KB Bayley is a songwriter and guitar player whose new album Little Thunderstorms has been described as a collection of ‘remarkable storytelling narratives, expert playing, a sprinkling of melancholy and a sound which could have directly come out of Austin, Texas or Nashville.
KB writes and performs his songs on dobro, lap steel, acoustic and cigar box guitars as well as an old upright piano. His influences straddle two time zones, years apart: the ‘Laurel Canyon’ period of James Taylor, John Prine and Jackson C Frank (with whom KB shares a soft and introspective vocal style); and the recent explosion in contemporary roots songwriters, including Jason Isbell, John Moreland, Jeffrey Foucault, Kelly Joe Phelps and Ben Glover (who sings guest vocals on the album).
KB says of the writing process behind Little Thunderstorms: “I wrote these songs over the last two years – and they’re just about stuff that happens to us. Big, small, tragic, uplifting, seismic, significant, everyday: ‘the sky is full of little thunderstorms.’ Then 2020 happened, and the songs ended up being recorded in a locked down back room at home, surrounded by coffee cups and second-hand gear bought on eBay. But somehow the record ended up sounding just like I had always imagined it.”
This is largely due to the remote collaborations with other artists that played and sung on the record, all artists and songwriters in their own right. Backing vocals come from Claudia Stark and Jim Cozens: pedal steel from Charlie Jonas Walter (of bluegrass duo Jonas and Jane), smoking electric guitar from Backwoods Creek’s Dean Parker, and chorus vocals on ‘Blood Red Lullaby’ by Proper Records artist Ben Glover. “I first saw Ben play live in 2013, and since then his songs – and his collaborations with people like Gretchen Peters, Mary Gauthier and Kim Richey – have been a huge influence on me. To have him sing on my record was a honour and a thrill.”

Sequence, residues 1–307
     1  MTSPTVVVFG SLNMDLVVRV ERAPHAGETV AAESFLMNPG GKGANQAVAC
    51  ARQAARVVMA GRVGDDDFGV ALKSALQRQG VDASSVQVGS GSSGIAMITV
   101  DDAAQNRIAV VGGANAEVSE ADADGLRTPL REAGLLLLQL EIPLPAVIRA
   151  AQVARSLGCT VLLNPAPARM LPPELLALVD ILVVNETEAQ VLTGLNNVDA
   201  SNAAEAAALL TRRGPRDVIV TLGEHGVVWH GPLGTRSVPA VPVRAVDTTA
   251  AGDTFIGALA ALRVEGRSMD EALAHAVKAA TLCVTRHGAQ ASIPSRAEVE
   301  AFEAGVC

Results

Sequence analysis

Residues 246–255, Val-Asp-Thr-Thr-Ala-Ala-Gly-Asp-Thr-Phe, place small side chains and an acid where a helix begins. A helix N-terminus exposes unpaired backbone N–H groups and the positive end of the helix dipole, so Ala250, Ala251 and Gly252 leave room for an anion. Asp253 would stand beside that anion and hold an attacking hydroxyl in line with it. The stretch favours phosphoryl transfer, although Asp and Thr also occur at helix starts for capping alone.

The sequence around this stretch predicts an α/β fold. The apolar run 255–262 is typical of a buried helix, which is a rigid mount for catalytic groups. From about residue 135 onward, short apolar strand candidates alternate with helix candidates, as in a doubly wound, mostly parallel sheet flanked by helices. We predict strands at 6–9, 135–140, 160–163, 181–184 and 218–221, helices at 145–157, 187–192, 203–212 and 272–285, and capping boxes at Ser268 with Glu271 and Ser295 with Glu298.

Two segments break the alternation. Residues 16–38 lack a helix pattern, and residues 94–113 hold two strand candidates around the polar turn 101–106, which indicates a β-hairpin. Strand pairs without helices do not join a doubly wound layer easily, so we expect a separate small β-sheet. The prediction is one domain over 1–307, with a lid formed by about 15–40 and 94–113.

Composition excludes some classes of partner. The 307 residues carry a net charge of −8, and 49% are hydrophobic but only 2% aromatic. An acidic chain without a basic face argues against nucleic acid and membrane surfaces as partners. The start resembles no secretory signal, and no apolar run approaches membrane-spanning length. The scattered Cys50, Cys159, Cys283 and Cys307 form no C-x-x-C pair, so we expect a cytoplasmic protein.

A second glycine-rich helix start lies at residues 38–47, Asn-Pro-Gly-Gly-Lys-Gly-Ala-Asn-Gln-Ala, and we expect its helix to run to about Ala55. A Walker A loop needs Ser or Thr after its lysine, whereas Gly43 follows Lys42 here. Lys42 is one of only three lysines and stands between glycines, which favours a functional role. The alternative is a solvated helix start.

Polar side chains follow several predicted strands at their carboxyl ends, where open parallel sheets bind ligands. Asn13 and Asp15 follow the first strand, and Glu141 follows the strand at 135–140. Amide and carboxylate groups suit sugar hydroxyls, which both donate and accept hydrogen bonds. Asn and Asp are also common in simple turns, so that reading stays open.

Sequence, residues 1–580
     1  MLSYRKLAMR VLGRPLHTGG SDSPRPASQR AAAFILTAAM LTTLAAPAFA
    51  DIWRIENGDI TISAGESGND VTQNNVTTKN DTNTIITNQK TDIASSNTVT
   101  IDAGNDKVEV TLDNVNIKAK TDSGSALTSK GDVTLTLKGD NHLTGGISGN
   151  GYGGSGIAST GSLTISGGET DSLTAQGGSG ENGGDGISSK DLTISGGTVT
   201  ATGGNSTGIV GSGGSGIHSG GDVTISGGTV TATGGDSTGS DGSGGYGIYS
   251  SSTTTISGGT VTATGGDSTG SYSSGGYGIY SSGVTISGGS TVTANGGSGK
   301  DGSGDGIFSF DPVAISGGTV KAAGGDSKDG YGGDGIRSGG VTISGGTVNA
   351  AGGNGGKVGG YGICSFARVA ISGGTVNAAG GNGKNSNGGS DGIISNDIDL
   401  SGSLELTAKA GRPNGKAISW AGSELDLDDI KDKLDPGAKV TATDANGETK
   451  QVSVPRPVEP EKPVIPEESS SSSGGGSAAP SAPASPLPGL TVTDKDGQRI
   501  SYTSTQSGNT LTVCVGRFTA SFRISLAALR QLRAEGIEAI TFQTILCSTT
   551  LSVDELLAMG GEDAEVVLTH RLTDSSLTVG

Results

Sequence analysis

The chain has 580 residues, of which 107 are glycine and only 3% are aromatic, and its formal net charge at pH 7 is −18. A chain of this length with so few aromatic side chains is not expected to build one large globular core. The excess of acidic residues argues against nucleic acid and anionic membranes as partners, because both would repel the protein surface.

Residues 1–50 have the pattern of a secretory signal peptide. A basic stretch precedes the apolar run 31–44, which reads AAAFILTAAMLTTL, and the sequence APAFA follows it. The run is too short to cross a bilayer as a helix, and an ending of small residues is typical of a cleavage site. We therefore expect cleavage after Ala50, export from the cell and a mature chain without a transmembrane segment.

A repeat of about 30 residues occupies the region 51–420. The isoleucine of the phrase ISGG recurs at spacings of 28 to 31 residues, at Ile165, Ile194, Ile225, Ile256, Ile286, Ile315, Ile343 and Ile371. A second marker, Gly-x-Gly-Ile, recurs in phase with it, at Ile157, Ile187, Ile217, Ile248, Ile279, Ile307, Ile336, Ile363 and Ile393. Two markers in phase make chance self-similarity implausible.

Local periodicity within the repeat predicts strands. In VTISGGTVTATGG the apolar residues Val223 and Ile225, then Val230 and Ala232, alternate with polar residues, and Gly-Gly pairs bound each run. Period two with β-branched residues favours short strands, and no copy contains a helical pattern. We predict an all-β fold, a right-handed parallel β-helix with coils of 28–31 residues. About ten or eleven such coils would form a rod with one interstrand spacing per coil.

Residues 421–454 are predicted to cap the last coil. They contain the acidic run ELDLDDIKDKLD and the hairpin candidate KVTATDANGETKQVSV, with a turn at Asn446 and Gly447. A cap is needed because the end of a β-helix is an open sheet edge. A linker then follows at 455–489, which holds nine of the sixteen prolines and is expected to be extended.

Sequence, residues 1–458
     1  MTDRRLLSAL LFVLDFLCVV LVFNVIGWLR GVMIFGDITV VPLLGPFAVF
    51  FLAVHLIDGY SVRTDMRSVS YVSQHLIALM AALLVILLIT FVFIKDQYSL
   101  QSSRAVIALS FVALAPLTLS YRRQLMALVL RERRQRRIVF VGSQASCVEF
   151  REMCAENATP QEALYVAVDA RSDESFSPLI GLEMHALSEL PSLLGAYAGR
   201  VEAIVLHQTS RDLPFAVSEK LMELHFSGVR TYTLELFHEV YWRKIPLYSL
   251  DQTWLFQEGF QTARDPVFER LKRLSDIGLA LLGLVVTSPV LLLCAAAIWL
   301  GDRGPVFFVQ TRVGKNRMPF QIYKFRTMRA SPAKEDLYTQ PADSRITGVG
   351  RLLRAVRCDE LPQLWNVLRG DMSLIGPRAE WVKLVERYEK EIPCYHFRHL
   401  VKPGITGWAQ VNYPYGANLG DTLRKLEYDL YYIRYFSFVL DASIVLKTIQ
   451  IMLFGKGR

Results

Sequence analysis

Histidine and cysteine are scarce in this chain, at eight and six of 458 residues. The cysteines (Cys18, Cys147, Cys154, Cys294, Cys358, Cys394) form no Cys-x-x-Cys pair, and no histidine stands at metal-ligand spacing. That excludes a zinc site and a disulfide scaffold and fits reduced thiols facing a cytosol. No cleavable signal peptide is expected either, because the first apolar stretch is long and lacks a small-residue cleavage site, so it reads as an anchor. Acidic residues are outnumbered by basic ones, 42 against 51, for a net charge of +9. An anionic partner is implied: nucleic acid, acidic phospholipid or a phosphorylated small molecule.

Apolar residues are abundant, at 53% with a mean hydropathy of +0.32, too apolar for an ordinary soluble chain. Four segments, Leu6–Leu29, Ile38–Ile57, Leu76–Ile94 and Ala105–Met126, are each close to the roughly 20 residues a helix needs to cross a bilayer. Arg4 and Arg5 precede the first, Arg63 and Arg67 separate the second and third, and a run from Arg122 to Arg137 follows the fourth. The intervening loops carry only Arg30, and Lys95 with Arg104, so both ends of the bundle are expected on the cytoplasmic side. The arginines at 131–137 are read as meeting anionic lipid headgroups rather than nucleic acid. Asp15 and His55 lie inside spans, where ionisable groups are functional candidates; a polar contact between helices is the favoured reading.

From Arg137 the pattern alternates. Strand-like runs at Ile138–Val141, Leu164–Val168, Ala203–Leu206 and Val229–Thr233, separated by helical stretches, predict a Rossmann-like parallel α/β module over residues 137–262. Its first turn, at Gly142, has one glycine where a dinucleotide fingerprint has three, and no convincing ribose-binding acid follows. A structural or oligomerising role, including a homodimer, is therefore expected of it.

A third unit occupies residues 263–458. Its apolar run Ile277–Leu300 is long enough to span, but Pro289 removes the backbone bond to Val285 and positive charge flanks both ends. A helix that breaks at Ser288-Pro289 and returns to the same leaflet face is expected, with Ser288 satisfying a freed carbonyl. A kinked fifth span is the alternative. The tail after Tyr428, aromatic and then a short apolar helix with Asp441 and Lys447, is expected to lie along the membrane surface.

The sound of Little Thunderstorms is simultaneously ancient and modern: dusty acoustic instruments, played on a creaking chair with lyrics that speak of changing times, shifting sands and silent streets outside the window. The songs are rich in atmosphere, confession, redemption and lyrical imagery: ‘I know your heart is breaking, like bones washed up on the shore…’
“I guess I always leave the last words to Tom Waits, probably my biggest songwriting influence” says KB. “’To write a song, you need three things: a place, the weather, and something to drink. Start there and you should be OK…’”